“WHEN are you next in the office?” asks the editor first thing Monday morning, “I have something funny you need to write about.” He emails me two almost identical menus; one from Featherblade, a new pop-up steak restaurant in Manchester, the other from Flat Iron, a well established restaurant with four branches in London. Both are uncannily similar down to the graphics, the prices and the food. It’s like a spot the difference quiz on the back of a cereal packet.
We assumed there was sufficient distance between their restaurant and ours
By Tuesday afternoon the story breaks, thanks to an eagle-eyed blogger on his lunch break. He is furious at this blatant plagiarism, calling for a boycott of the Manchester venue. The story ends up bypassing us and hitting the national newspapers via the speedium of social media.
Never mind, it doesn’t stop us going along to see if it is any good. Plagiarised or not, a £10 steak is not to be sniffed at.
Featherblade, which only opened last Friday, is the idea of Lee Brennan, owner of Panama Hatty’s, as well as What’s Cooking on Liverpool’s Albert Dock. He opened the first branch in 1978, so is no stranger to the need to breathe new life into venues every so often.
This explains why he’s hived off a 76-seat section of Panama Hatty’s 220-cover restaurant and given it a paint job to form Featherblade with its own separate entrance. They don’t take reservations and there is one thing on the menu: featherblade steak with salad for £10 which can be enhanced with a choice of side orders and sauces. Guests are offered bottled water, popcorn and a miniature ice cream cone on their way out. That’s all there is to it.
Steak and chips for a set price is no a new concept. L’Entrecote Le Relais de Venise was doing something very similar around the corner until Confidential editor-at-large Jonathan Schofield got into a butter fight and the place shut down three weeks later
“We’ve been at Panama Hatty’s in Manchester for eleven and a half years. 7500sq ft takes a lot of filling, especially in the early part of the week,” Brennan tells us. “We thought it would be a good idea to split the operation. This is a pop up; if it works we’ll make it permanent, if it doesn’t, we can try something else.”
But it’s the blatant similarities to Flat Iron, a brand with no affiliation to Featherblade, which has caused the stir. Cheeky Lee describes the controversy as ‘fantastic’.
“I’ve been in business 40 years and nothing usually fazes me. All this social media noise did have me slightly concerned but we’ve done absolutely nothing wrong.”
So what does he make of the obvious similarities between logo, pricing structure, concept and menu design?
LB: “It’s a bit unfortunate but if the guys from Flat Iron were to get in touch, I’d ask them genuinely what they were unhappy with. As long as they were reasonable I would address those requests, because I’m a decent guy. The idea was that the two would never meet, but with social media the world’s a smaller place. I mean a steak’s a steak.”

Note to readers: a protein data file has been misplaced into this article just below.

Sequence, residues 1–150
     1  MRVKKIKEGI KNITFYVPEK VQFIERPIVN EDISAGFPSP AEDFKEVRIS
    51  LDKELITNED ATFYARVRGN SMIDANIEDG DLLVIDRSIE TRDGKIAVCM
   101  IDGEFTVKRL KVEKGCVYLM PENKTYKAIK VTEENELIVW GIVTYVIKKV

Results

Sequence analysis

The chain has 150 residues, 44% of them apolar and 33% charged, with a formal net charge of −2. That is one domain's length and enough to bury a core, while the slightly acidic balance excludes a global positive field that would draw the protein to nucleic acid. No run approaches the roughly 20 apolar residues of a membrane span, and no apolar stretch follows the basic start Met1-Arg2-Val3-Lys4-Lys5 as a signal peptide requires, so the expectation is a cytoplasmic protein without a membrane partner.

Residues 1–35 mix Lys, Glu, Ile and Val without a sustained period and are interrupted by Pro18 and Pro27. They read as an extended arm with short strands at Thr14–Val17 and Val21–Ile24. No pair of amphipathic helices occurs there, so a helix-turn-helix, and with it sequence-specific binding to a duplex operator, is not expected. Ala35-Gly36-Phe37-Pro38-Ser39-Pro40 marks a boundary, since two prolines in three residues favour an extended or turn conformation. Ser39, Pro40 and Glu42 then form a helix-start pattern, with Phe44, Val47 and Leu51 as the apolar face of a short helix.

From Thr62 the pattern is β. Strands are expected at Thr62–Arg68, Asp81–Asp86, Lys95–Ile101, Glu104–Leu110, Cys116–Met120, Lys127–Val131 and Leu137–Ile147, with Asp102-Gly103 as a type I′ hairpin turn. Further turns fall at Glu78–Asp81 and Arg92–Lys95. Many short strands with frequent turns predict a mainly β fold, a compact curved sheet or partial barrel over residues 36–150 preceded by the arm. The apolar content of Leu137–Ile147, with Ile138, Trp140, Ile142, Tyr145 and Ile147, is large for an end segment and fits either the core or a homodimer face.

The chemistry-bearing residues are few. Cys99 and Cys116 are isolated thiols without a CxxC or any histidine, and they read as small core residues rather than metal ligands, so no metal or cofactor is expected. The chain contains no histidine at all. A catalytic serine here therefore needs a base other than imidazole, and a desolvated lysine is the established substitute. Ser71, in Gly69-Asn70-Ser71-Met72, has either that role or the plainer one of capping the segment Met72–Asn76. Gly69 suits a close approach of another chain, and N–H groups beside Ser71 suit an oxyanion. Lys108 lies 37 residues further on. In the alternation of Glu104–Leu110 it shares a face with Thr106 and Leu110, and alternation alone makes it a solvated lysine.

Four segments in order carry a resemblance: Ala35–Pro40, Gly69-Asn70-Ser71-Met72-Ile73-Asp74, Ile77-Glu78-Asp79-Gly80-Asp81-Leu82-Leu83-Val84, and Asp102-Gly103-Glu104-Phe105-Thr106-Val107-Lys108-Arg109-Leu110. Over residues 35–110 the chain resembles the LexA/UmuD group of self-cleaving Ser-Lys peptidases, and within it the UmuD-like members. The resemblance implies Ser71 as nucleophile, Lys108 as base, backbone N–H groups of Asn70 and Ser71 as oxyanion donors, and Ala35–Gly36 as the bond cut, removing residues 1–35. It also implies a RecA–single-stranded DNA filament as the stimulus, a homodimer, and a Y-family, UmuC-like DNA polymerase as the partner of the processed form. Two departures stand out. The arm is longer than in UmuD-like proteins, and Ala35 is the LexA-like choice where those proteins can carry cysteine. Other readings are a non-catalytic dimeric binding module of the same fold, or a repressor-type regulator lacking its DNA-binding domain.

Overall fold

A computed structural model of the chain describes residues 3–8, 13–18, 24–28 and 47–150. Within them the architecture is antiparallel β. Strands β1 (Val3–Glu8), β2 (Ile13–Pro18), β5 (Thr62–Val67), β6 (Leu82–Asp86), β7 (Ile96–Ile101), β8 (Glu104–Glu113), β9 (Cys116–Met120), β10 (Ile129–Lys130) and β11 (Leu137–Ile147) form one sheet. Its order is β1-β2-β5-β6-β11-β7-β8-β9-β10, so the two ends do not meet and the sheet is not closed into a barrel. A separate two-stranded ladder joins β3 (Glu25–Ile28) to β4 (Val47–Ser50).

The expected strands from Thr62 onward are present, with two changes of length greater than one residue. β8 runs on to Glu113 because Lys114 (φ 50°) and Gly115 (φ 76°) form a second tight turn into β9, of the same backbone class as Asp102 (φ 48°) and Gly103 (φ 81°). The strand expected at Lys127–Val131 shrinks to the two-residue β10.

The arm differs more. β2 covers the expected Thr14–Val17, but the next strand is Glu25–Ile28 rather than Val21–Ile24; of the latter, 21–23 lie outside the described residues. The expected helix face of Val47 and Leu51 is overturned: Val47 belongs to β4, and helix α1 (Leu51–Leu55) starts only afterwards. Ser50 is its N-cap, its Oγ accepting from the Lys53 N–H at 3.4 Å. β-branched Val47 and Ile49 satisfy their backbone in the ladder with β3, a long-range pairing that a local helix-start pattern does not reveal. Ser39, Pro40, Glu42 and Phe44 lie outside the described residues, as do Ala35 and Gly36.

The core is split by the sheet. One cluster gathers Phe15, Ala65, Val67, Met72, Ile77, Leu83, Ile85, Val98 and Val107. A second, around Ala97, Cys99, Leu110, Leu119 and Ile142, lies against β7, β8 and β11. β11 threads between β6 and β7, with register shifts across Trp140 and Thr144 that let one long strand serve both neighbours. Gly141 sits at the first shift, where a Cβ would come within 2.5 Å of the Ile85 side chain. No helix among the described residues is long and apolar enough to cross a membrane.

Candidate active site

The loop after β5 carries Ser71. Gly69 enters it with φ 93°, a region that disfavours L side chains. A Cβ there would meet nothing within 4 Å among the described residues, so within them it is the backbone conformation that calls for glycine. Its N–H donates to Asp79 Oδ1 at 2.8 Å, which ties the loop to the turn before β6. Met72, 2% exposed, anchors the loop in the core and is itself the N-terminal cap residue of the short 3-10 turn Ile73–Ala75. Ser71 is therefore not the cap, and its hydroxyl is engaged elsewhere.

How about if you changed the wording of the side dishes?
LB: “Isn’t that just inconveniencing me for no reason? Let’s face it, mixed leaves are mixed leaves. I’m not the only person using those phrases, but when it’s put together in the same sort of package it looks similar, I realise that now.”
What about the cleaver?
LB: “It’s a great idea and they haven’t got a monopoly on that have they? That was a lot of work getting those made. It’s not like we’ve gone to their supplier and said, ‘we want what they’re having’. We’ve sourced everything including the boards. I’ve been serving steaks on bits of wood since 1977, it’s not new. You’ve just got to get on with it.”
Are you saying it’s fair game?
LB: "Only if I’m not damaging their brand, which is a great operation by all accounts. I think they have had as much attention out of this as we have. I think Charlie Carroll (owner of Flat Iron) would give me a pat on the back if I saw him. Fair game is probably too harsh a phrase, I’m not looking to aggravate the situation. I just want to get this offer out to the people of Manchester for a reasonable price. Not one single person has asked ‘are you any relation to Flat Iron?’ Everyone has just come in to support it.”
So you’re maintaining that this whole thing happened by accident rather than intention?
“We probably did make a couple of mistakes in that respect. We assumed there was sufficient distance between their restaurant and ours. I don’t want to be pioneering something from ground zero, we’ve got to hit the ground running because this is a tough market and this particular location needs all the help it can get. I don’t make any apologies. We couldn’t afford for Featherblade to go through its normal growing pains. I really didn’t see this coming, but we haven’t done so badly.
“We put forward the idea of changing the business to our staff, so this concept was born out of a team hug. We were after a mono-menu which could do good business at lunchtimes or early evenings; it can’t be fish, it can’t be ribs, not too ethnic and there are too many burger joints. When you distil it all down, it’s got to be a steak restaurant. One girl had seen something similar in Australia – steaks for $10, this is also something on offer in New York, so we haven’t stolen the offer."
So what about the food? It was fine and as straightforward as you’d expect. The steak was nicely seasoned and cooked as rare as featherblade should be. The dripping fried chips were more McDonald’s than Hawksmoor and seasonal greens were, er, carrots.
Now say what you like about Featherblade, but we bet Flat Iron's greens aren't orange.
Featherblade, 43 Brown St, Manchester M2 2JJ